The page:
I don’t know if it will be every other week, two out of every three weeks or just semi-regularly when I can’t think of a topic for a regular column, but I will have Fantasy Reports on Fridays (not all of them, but probably at least half of them) throughout the season. Let’s get right to the first one.
1B Tino Martinez, Yankees: Martinez was a fantasy afterthought last year as he hit .262 with 23 homers and 76 RBIs, which just isn’t enough from a first baseman in most leagues. Right now, however, Martinez looks like it’s 1997 all over again.
Not only has Martinez homered in five straight games, he’s hit one out in seven of the last nine contests. In those nine games, he’s 9-for-27 (.333) with a double, seven homers, 10 runs and 14 RBIs.
For the season, Martinez is now hitting .266/.352/.585 with nine homers, 19 runs and 21 RBIs. He’s on pace for 42 homers and 97 RBIs. I thought Martinez was done, but he’s clearly not. He won’t top 40 homers, but he could get to 25-30 and the Yankees lineup could let him approach 100 RBIs.
Even if he does that, you’ll still probably have to live with a sub-par batting average. If you can find somebody willing to give you anything of value for him right now, I’d pull the trigger.
1B Mike Sweeney, Royals: Sweeney’s stock has fallen considerably thanks to two straight years of poor health and declining productivity. He’s also past 30 years old (31), which isn’t generally when players get healthier and more productive.
Still, it’s not like Sweeney’s ancient, and it’s not like he doesn’t know how to hit. He’s proving the latter point this season, hitting .328 with 11 doubles, nine homers, 17 runs and 29 RBIs. That puts him on pace for 42 homers and 134 RBIs.
Unfortunately, after playing in each of Kansas City’s first 35 games, Sweeney missed his first game Thursday with a sore right oblique muscle. I don’t know if you can expect Sweeney to stay healthy all year, but the ability to hit .320-.330 with 25-30 homers and 100-plus RBIs is definitely there.
1B Hee Seop Choi, Dodgers: Choi started this season with nine hits in his first 45 at-bats (.200) including just one homer and two RBIs. That made him 19-for-107 (.178) with one homer and eight RBIs as a Dodger.
Since then, he’s 18-for-44 (.409) with five homers and 14 RBIs. For the season, he’s hitting a very nice .303/.392/.573. The one problem with Choi is that he doesn’t see much action against left-handers, mostly because he hasn’t shown any ability to hit them.
If you’re in a league with daily changes, however, Choi can still be a very useful commodity if you start him whenever the Dodgers are facing a righty and start another first baseman (or utility player, corner infielder, etc.) whenever they face a lefty.
1B Paul Konerko, White Sox: After four years as one of the most consistent hitters around (OPS between .844 and .863 every year from 1999-2002), Konerko’s become Mr. Unpredictable. In 2003, he slumped to a .234 average with 18 homers and 65 RBIs. Time to write him off? Nope, it was time for him to hit .277 with 41 homers and 117 RBIs.
This year, he has an impressive nine homers and 25 RBIs (on pace for 42 and 116). Unfortunately, he also has an unimpressive .197 batting average. After hitting .268 with seven homers in his first 16 games, Konerko is 9-for-66 (.136) with two homers in his last 19 games.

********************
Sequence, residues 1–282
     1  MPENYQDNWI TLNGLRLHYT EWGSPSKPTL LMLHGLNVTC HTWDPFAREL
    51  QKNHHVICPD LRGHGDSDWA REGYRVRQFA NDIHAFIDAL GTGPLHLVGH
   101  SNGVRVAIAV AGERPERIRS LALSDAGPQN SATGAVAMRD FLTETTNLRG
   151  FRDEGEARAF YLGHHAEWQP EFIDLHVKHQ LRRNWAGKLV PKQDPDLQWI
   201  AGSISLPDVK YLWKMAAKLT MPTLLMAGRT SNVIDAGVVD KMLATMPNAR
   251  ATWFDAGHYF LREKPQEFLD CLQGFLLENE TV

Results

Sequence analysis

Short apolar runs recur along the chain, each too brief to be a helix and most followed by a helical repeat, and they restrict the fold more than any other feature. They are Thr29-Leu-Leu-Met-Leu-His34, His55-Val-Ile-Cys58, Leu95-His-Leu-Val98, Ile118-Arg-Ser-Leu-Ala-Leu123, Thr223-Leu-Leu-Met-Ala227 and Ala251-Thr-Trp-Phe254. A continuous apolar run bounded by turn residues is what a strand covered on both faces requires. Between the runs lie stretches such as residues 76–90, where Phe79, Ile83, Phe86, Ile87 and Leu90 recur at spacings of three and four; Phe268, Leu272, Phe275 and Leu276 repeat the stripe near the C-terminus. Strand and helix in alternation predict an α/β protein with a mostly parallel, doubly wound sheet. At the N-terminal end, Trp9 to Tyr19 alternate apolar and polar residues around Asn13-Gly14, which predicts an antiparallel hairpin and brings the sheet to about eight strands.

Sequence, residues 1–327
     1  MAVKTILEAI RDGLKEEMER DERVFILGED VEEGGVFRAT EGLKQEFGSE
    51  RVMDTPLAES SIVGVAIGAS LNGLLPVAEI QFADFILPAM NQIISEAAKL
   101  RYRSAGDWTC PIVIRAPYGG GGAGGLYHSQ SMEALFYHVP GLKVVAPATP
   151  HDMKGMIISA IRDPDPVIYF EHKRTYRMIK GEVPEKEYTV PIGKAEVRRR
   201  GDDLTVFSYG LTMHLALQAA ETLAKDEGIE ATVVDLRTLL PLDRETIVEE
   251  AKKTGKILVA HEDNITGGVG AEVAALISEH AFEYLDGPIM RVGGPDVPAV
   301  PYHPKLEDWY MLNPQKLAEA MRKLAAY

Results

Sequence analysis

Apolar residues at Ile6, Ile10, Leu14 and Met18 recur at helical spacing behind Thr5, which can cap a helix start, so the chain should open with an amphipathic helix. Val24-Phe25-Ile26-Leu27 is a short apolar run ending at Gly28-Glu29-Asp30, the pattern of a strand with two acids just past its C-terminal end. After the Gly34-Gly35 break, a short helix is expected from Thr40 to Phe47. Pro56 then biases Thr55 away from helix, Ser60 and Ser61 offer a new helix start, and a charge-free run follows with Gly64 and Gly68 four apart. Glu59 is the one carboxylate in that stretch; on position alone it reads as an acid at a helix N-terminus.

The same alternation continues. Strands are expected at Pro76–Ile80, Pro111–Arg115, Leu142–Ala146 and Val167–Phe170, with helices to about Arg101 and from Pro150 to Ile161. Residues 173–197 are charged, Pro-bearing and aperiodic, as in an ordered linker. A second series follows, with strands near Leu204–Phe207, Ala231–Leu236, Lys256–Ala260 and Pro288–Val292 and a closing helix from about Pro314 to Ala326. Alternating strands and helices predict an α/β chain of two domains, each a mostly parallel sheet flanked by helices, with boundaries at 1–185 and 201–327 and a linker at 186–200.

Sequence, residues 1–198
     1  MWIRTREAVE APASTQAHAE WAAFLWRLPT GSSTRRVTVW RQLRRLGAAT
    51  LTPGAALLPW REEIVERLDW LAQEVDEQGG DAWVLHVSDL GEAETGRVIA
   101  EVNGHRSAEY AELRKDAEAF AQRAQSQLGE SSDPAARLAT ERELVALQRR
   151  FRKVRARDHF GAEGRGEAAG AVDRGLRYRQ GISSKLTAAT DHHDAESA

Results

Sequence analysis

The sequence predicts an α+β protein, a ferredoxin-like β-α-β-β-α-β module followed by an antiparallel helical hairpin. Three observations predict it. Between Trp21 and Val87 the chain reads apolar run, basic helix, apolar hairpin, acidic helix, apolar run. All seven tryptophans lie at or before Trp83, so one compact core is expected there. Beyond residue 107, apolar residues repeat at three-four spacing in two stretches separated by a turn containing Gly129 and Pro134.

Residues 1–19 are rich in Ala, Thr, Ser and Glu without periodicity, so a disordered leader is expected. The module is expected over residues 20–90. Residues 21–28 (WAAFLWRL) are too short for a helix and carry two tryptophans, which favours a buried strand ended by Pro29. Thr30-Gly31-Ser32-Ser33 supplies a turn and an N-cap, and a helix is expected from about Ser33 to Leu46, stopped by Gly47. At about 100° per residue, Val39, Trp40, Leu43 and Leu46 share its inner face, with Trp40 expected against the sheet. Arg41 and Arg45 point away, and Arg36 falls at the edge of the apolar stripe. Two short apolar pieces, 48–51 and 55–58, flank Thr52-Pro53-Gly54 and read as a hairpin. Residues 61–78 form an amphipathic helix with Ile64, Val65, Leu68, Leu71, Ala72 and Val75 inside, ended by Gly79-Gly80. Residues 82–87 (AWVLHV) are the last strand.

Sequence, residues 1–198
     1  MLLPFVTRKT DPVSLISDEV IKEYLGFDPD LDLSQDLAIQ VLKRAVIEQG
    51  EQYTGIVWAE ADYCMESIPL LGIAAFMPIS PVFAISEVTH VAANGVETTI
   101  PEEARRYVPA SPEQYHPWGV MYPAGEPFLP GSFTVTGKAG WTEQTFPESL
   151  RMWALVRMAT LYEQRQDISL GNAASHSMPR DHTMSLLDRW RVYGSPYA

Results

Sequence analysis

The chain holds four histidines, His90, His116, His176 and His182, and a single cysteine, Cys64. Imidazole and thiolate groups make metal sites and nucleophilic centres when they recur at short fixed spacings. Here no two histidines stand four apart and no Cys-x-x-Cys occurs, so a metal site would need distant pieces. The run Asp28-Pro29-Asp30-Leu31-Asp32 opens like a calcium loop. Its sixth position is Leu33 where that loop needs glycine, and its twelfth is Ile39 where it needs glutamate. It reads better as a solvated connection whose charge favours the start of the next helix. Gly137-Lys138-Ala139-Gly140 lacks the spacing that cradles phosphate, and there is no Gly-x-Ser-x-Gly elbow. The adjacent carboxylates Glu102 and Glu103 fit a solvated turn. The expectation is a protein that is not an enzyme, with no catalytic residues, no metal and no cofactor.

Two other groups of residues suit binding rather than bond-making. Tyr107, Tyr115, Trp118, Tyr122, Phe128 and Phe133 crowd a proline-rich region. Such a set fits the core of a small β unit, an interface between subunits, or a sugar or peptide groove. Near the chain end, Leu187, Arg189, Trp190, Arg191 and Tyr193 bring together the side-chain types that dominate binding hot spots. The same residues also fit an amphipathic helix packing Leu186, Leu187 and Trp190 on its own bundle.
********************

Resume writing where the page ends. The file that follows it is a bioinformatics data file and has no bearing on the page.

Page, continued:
I didn’t believe Konerko was going to hit 40-plus homers again and I don’t believe he’s going to hit below .200. I’d say he finishes the season with 30-35 long balls and an average in the .240-.250 range. It’s not great, but it’s something you could live with.
David DeJesus, Royals: DeJesus came up after the Royals traded Carlos Beltran last year and showed off some nice potential, making people think he might be ready to develop into a useful fantasy player this season after he hit .287 with seven homers and eight steals in 363 at-bats.
Well, he’s not ready. He hit .302 with two homers, 14 runs and nine RBIs in April, which is pretty decent. But he’s only hitting .205 with no homers, three runs and three RBIs in May. For the season, he’s hitting .269 with just two homers, 17 runs and 12 RBIs. He also only has one steal, and he’s been thrown out five times.
If you can’t hit at least .300 and you’re not going to reach double digits in homers and you can’t steal at least 15 bases, there’s not much room for you on any fantasy roster, especially if you don’t play the middle infield or catcher. DeJesus might become a useful fantasy hitter at some point, but it won’t be this season.
Vinny Castilla, Nationals: Castilla tricked people into thinking he had a good year last year when he really just had an average year in a good park. Seeing that I realized that having 35 homers and 131 RBIs in Coors Field isn’t that impressive and that I noticed he only hit .218/.281/.493 on the road, I expected Castilla to stink this year.
So, of course, he goes out and starts the season hitting .350/.416/.600 in his first 24 games. In his last eight games, however, he’s only 5-for-33 (.152) with a double, two runs and three RBIs. For the season, he’s down to .292/.370/.478.
Honestly, I’d be shocked if he finishes the season with an OPS even that high. He only has three homers, and considering he hit .232 with 12 homers in 143 games in Atlanta in 2002, it wouldn’t surprise me to see him fall short of 20 homers and finish with an average below .250.
Erik Bedard, Orioles: Bedard was decent in his rookie season last year, posting a 4.59 ERA in 137.1 innings. His strikeout rate (7.93 K/9IP) was good enough, but his walk rate (4.65 BB/9IP) was terrible.